There are enough games in baseball–a large enough sample–for low probability events to finally just string together, which is what the White Sox were waiting for to grab a win and avoid a new plateau in infamy.
When I say “low probability events, I mean stuff like Marcus Semien and Jordan Danks going back-to-back in the second inning on 96+ mph fastballs from Yordano Ventura, Erik Johnson taking a no-hitter into the fifth inning, and most importantly the White Sox responded to their hitting coach getting fired for helming the worst offense in the American League, by pounding out four home runs and winning 6-5.
The White Sox would need every single one of the six runs they broke out for, since Johnson early-game dominance wore out in a hurry. Mike Moustakas ended his no-hitter and shutout in one blow in the fifth by taking a do-nothing slider out to right field. Johnson nearly blew the entire 4-0 advantage the back-to-back shots and two-run Adam Dunn blast to center had staked him to when Billy Butler hit another do-nothing sub-90 mph offering deeper than deep to left field to bring the game to nervy 4-3 score.
Another single and a walk ended Johnson’s night after 5.1 innings, but thanks to some speciality work on lefties and righties and work from rookies Charlie Leesman and Daniel Webb, the White Sox escaped the sixth without any further damage, with Webb continuing on for a perfect seventh. That provided enough cover for another rookie outburst to extend the Sox lead as Conor Gillaspie turned around a fastball from Tim Collins and rocketed it into the Bullpen Sports Bar for a two-run bomb.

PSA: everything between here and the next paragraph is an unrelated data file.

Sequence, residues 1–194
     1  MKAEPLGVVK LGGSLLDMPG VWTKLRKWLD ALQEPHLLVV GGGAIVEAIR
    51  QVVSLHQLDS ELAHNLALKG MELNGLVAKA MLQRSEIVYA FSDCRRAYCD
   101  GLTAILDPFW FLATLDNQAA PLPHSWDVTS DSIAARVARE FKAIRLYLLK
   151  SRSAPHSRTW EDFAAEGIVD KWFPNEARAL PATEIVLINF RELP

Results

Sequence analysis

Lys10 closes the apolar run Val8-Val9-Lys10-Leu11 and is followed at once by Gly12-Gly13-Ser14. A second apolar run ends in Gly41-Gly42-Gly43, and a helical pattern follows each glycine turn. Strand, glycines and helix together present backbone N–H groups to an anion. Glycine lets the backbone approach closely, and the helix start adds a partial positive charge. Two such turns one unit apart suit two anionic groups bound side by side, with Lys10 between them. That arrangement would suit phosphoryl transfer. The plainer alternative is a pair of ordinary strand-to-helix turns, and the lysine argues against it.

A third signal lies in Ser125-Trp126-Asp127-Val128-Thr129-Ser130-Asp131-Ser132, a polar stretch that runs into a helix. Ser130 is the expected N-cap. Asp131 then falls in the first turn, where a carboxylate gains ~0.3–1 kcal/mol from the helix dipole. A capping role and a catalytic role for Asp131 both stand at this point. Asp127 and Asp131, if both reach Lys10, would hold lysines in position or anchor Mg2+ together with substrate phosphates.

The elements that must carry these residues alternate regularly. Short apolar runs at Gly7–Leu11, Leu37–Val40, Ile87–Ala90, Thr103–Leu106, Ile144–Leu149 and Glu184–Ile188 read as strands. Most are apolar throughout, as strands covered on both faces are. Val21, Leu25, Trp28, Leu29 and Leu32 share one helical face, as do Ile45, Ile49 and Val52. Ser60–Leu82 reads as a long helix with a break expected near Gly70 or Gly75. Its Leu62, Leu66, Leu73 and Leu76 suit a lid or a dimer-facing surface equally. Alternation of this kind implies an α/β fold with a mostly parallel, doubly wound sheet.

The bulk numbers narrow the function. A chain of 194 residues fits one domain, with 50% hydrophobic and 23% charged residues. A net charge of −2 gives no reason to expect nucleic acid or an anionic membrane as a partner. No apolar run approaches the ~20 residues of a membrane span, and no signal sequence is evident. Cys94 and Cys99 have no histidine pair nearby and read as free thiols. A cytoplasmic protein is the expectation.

In once again destroying the margin for error, Matt Lindstrom couldn’t claim to be another victim of the stiff breeze out to left field. Salvador Perez tomhawked a meaty fastball from Lindstrom to the fourth row of the bleachers to bring the affair to 6-5. The razor-thin margin for error meant everyone had to sweat out a dog-tired Addison Reed grinding out a close save for his 40th of the year. He topped out at 93 mph, he walked the tying run and moved it over to second on a wild pitch, and his face looked like an egg plant. But he made it dammit, and so did the Sox.
Six of the nine hits the White Sox recorded came from rookie starters, with half of that weight being carried by Marcus Semien, who finished a triple short of the cycle on a 3-4 night. He’ll be one of the many rookies the next hitting coach has to work with, since Manto’s departure was announced by Hawk Harrelson in the middle of the broadcast, sending the beat writers rushing for confirmation. It’s hardly the most egregious scapegoating of all-time.
Team Record: 63-98
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